In suits at common law, where the value in controversy shall exceed twenty dollars, the right of trial by jury shall be preserved, and no fact tried by a jury, shall be otherwise reexamined in any court of the United States, than according to the rules of the common law.
Excessive bail shall not be required, nor excessive fines imposed, nor cruel and unusual punishments inflicted.
The enumeration in the Constitution, of certain rights, shall not be construed to deny or disparage others retained by the people.
The powers not delegated to the United States by the Constitution, nor prohibited by it to the states, are reserved to the states respectively, or to the people.
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See also

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References

  1. See: Ninth Amendment to the United States Constitution
  2. "Identifying defects in the Confederation.". Retrieved on 2006-03-10. at the American Memory Collection of the United States Library of Congress.
  3. "A More Perfect Union: The Creation of the U.S. Constitution.". Retrieved on 2006-03-16.
  4. Hamilton, Alexander. The Federalist Papers, #84. "On opposition to a Bill of Rights.". Retrieved on 2006-2-28.
  5. Henry, Patrick. "Against the Federal Constitution." June 5, 1788. (2006-03-10).
  6. Jefferson's letter to Madison, March 15, 1789. (2006-03-09).
  7. "On the lack of a Bill of Rights," also known as "Anti-Federalist #84". Retrieved on 2006-2-28. Also see: "The Federalist with Letters of Brutus", edited by Terence Ball, Cambridge Texts in the History of Political Thought, pgs 447-453. Excerpt from the writings of "Brutus" probably in the New York Journal, November 1, 1787.
  8. op.cit
  9. Bernstein, Richard B. "Ratification of the Constitution." The Reader's Companion to American History. Retrieved on 2006-2-28.
  10. Virginia Declaration of Rights, Article 2
  11. Article 1, later paraphrased in the opening sentences of the United States Declaration of Independence.
  12. Article 5
  13. Article 7
  14. Article 8
  15. Article 9
  16. Article 10
  17. Article 11
  18. Article 12
  19. Article 16
  20. Article 13
  21. Text of Madison's speech, at the James Madison Center. Retrieved on 2006-2-28.
  22. op.cit
  23. Order and Dates of Ratification of the Bill of Rights..
  24. Bent, Devin. "James Madison proposes Bill of Rights.". Retrieved on 2006-02-28.
  25. American Treasures of the Library of Congress (2006-03-13).
  26. "Truman's Remarks in the Rotunda, December 1952" (2006-03-14).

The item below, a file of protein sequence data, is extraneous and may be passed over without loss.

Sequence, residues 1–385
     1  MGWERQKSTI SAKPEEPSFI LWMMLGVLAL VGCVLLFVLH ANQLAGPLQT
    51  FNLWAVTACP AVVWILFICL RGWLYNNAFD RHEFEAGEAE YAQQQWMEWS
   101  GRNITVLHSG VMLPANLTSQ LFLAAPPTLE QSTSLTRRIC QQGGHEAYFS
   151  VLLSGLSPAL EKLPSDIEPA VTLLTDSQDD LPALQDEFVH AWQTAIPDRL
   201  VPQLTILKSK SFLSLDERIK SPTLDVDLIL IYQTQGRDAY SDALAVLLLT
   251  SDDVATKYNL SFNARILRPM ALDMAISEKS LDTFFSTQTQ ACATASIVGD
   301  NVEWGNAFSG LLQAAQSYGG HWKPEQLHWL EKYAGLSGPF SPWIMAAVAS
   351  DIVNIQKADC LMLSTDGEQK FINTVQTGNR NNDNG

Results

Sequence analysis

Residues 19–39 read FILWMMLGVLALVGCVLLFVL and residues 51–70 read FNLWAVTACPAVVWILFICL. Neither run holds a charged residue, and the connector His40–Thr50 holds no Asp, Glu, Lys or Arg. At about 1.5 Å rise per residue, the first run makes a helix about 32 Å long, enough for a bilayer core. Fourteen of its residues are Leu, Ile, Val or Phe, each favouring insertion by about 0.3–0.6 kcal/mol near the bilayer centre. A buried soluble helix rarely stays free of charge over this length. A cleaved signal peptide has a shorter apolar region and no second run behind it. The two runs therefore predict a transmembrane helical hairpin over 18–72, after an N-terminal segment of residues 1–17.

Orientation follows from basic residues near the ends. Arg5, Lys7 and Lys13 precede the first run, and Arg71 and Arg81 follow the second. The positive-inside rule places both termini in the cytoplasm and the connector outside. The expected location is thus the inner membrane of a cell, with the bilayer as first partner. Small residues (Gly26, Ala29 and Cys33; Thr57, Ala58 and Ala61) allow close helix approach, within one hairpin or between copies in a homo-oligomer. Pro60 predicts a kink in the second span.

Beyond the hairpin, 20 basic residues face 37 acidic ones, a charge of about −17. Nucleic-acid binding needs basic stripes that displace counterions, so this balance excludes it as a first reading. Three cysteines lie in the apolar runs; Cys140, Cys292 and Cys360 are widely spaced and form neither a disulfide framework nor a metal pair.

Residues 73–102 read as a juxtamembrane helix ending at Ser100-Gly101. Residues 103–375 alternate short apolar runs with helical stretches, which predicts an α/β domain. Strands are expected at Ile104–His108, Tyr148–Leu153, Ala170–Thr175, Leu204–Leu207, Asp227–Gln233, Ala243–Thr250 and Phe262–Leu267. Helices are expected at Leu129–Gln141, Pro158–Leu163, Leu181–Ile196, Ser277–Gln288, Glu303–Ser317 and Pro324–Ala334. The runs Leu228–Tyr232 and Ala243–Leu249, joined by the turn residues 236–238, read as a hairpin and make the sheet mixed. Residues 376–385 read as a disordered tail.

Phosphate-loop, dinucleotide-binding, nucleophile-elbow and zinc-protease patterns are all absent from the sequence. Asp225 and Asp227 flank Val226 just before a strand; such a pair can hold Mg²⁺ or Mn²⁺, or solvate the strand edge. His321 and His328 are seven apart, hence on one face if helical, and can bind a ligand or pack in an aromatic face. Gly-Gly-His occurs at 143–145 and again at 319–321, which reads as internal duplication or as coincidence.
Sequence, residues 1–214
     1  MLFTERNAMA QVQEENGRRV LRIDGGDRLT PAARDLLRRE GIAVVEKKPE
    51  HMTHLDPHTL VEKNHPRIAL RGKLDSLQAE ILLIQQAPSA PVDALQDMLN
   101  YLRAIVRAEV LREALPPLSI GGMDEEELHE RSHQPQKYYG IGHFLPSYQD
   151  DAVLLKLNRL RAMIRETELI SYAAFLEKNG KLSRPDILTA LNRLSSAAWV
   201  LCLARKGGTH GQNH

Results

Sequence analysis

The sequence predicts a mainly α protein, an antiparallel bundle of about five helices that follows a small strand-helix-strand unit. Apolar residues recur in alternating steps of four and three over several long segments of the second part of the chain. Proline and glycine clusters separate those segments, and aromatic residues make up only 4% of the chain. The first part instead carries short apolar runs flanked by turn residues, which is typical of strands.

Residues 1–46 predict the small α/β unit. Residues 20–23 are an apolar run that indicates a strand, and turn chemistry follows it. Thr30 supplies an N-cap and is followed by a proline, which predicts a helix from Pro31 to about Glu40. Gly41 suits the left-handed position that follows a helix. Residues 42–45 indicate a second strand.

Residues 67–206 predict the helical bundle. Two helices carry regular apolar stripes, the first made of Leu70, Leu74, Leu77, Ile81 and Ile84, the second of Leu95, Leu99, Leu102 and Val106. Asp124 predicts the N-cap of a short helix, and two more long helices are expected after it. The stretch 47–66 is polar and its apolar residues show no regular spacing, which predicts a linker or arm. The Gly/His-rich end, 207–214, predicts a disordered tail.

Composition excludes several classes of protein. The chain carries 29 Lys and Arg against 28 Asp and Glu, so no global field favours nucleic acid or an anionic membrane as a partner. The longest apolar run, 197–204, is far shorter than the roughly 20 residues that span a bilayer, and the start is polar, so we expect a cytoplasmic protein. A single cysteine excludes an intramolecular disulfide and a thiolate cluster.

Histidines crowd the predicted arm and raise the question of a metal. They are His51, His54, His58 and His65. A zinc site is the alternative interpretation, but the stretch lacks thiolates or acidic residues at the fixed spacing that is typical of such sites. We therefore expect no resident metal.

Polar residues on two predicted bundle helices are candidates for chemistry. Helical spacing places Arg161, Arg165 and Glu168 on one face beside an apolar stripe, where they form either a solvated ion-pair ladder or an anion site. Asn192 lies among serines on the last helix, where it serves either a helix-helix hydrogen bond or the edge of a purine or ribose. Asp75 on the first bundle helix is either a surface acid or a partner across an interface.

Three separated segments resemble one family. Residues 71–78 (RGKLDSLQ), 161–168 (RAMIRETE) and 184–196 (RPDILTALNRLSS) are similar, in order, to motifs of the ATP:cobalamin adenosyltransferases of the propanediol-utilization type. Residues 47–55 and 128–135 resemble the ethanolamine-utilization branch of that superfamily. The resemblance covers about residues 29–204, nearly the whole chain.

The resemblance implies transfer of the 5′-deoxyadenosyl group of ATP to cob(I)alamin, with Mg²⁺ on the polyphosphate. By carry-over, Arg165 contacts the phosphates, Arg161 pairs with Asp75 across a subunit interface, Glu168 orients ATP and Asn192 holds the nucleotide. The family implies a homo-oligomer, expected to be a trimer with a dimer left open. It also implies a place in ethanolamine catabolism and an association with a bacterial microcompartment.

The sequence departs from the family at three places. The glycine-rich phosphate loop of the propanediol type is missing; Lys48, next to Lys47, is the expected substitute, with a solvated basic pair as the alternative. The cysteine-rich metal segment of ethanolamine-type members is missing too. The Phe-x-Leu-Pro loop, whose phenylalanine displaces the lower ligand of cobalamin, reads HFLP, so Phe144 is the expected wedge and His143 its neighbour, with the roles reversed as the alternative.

27. Mary Lynn Ritzenthaler and Catherine Nicholson, "A New Era Begins for the Charters of Freedom." (2006-03-14). Prologue, Fall 2003.
  28. "Remarks by President George W. Bush at the Rededication of the National Archives." (2006-03-14).
  29. Preamble to the Bill of Rights (2006-03-10).
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Bibliography

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External links

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U.S Government sites

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Related documents

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State copies of Bill of Rights

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History and Analysis

  United States Constitution Complete text at WikiSource

Original text: Preamble | Article 1 | Article 2 | Article 3 | Article 4 | Article 5 | Article 6 | Article 7

Amendments: 1 | 2 | 3 | 4 | 5 | 6 | 7 | 8 | 9 | 10 | 11 | 12 | 13 | 14 | 15 | 16 | 17 | 18 | 19 | 20 | 21 | 22 | 23 | 24 | 25 | 26 | 27
 Formation  History of the Constitution | Articles of Confederation | Annapolis Convention | Philadelphia Convention | New Jersey Plan | Virginia Plan | Connecticut Compromise | Signatories
 Adoption  Massachusetts Compromise | Federalist Papers
 Amendments  Bill of Rights | Ratified | Proposed | Unsuccessful | Conventions to propose | State ratifying conventions
 Clauses  Case or controversy | Commerce | Commerce (Dormant) | Contract | Copyright | Due Process | Equal Protection | Establishment | Free Exercise | Full Faith and Credit | Impeachment | Natural–born citizen | Necessary and Proper | No Religious Test | Presentment | Privileges and Immunities (Art. IV) | Privileges or Immunities (14th Amend.) | Speech or Debate | Supremacy | Suspension | Taxing and Spending | Territorial | War Powers
 Interpretation  Congressional power of enforcement | Double jeopardy | Enumerated powers | Incorporation of the Bill of Rights | Nondelegation | Preemption | Separation of church and state | Separation of powers | Constitutional theory